This building was once used as a schoolhouse for the Jewish children who lived at Camp Algiers.

Officials decided there would be a camp specifically to house those who opposed Nazis and their ideals. Camp Algiers in New Orleans was chosen as that camp and starting in 1942, most of the 81 Jewish internees and other innocent prisoners were relocated there. The camp would become known as the “camp for the innocents”. Residents of Camp Algiers had access to a library stocked with English, Spanish, and even a small number of German books. There was also a kitchen here where families enjoyed meals together, while single men ate separately from them. Residents were even ferried over to Canal Street where they could shop in the department stores there, and could even participate in the parades during Mardi Gras. Children were also allowed to go to school at nearby Algiers elementary and high schools.

Due to pressure from local advocates and the National Refugee Service against the detention of Jews and urging their release, a decision was made in 1943 to release them on a few conditions. They were sent to Detroit, Cincinnati, St. Louis, Philadelphia, Cleveland, and other large cities where they were watched over by an American foster family and had to regularly report to an immigration officer. Essentially, they were on parole. However, six Jews remained at Camp Algiers, in part because they were single males or because they could find someone to sponsor them if released. In 1944, a group of pro-Nazi Germans was sent to Camp Algiers and elected Kurt Ludecke, former advisor to Hitler, to head the internee committee. The “camp for the innocents” was no longer so innocent as interned Jews feared for their lives once again at the hands of Nazis.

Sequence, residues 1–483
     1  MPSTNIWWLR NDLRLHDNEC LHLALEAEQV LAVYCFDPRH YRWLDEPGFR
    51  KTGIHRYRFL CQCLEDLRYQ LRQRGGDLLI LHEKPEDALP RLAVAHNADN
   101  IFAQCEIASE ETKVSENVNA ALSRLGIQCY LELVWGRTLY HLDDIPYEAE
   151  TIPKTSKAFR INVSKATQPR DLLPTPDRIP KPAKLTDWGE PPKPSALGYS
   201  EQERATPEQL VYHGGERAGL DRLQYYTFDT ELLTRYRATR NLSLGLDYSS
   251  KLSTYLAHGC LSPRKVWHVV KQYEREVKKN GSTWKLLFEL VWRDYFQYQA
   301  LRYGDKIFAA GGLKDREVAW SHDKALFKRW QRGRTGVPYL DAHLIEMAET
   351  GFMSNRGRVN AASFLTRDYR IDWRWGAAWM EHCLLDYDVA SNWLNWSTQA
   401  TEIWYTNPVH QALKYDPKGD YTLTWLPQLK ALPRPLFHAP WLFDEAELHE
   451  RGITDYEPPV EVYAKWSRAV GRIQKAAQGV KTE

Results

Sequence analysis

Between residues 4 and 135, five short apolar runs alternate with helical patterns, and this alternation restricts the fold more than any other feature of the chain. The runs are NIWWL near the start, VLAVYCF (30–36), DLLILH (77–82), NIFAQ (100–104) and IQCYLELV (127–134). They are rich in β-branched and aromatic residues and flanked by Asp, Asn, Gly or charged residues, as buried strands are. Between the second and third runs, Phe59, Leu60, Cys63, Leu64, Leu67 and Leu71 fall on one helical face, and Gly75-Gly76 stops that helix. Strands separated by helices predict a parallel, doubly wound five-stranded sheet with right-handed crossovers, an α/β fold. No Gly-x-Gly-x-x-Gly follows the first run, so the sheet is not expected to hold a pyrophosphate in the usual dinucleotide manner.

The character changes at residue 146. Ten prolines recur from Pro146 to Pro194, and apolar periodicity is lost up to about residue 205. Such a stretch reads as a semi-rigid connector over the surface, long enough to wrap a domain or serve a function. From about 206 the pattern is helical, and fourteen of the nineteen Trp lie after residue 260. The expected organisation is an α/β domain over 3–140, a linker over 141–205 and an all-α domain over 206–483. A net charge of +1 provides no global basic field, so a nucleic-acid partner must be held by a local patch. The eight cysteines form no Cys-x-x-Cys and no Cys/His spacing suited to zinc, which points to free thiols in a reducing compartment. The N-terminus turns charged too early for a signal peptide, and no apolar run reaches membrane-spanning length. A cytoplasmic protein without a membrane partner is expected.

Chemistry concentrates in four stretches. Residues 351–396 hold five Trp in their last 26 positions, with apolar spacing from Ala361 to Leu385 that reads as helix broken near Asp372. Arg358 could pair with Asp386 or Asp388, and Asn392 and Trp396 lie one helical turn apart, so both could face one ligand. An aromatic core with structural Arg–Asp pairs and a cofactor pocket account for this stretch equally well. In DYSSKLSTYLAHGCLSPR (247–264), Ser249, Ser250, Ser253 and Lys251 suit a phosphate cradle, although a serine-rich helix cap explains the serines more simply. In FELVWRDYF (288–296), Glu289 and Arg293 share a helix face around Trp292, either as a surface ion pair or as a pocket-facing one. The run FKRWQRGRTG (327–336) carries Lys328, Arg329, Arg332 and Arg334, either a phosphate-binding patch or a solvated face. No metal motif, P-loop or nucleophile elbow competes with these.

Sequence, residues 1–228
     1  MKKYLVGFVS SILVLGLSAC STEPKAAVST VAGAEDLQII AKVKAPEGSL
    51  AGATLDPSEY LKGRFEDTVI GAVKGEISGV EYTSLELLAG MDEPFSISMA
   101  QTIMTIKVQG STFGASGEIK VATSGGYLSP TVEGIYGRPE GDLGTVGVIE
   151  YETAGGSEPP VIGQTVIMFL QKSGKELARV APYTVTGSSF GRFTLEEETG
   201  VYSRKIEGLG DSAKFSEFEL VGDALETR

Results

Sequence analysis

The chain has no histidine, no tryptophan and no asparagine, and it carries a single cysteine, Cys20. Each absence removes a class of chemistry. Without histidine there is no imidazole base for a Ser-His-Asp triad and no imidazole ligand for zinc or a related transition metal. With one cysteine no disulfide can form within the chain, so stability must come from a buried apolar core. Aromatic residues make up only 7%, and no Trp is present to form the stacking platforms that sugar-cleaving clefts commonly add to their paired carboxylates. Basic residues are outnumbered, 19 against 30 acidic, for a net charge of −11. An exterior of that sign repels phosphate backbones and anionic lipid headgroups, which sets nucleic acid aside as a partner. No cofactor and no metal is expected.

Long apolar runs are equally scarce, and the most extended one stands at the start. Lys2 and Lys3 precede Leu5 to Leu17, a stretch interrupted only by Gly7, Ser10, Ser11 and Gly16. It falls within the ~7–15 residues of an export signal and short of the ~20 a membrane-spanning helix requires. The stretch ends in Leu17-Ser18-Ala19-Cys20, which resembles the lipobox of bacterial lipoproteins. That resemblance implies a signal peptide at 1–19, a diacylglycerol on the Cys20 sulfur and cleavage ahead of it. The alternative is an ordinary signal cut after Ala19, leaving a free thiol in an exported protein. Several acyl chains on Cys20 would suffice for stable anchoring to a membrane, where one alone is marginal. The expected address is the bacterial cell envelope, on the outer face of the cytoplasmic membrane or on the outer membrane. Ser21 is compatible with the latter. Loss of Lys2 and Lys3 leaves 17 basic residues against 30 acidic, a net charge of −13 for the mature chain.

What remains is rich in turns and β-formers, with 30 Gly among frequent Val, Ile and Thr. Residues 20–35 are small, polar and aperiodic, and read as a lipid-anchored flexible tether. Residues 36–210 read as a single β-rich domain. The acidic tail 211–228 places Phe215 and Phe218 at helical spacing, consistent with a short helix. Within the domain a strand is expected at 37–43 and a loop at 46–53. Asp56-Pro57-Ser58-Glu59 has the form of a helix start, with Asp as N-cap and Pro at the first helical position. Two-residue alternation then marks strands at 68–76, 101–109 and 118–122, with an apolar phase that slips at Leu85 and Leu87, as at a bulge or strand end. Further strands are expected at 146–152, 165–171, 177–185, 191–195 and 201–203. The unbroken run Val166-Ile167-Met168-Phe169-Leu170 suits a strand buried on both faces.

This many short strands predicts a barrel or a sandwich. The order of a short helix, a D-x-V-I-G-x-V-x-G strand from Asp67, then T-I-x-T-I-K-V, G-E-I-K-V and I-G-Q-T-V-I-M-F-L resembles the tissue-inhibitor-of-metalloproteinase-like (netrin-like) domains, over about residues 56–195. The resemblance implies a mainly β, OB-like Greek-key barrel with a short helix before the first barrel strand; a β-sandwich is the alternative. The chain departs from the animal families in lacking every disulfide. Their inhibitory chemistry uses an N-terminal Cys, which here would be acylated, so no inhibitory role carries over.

After the war, many of the former internees remained in the United States. Most eventually made their way back home where they found that their property was gone or seized by the government and had to go
through a legal process to recover their property or start their lives from scratch. Camp Algiers was decommissioned and a portion of it is now used by U.S. Customs and Border Protection. Another portion was used by the Orleans Parish School Board until 2005 when Katrina severely damaged the buildings on the property. The school board sold the property in 2011 to First NBC Community Development Fund, LLC, a subsidiary of First NBC Bank. First NBC Bank would later collapse in the spring of 2017, but not before
offloading the property to another LLC. For years, the buildings on the property fell into ruin with many collapsing entirely. In 2018, all but one of the structures were demolished which has since been renovated.

  • Photo © 2017 David Bulit, Camp Algiers - New Orleans, Louisiana
  • Photo © 2017 David Bulit, Camp Algiers - New Orleans, Louisiana
  • Photo © 2017 David Bulit, Camp Algiers - New Orleans, Louisiana
  • Photo © 2017 David Bulit, Camp Algiers - New Orleans, Louisiana
  • Photo © 2017 David Bulit, Camp Algiers - New Orleans, Louisiana
  • Photo © 2017 David Bulit, Camp Algiers - New Orleans, Louisiana
  • Photo © 2017 David Bulit, Camp Algiers - New Orleans, Louisiana
  • Photo © 2017 David Bulit, Camp Algiers - New Orleans, Louisiana
  • Photo © 2017 David Bulit, Camp Algiers - New Orleans, Louisiana
  • Photo © 2017 David Bulit, Camp Algiers - New Orleans, Louisiana
  • Photo © 2017 David Bulit, Camp Algiers - New Orleans, Louisiana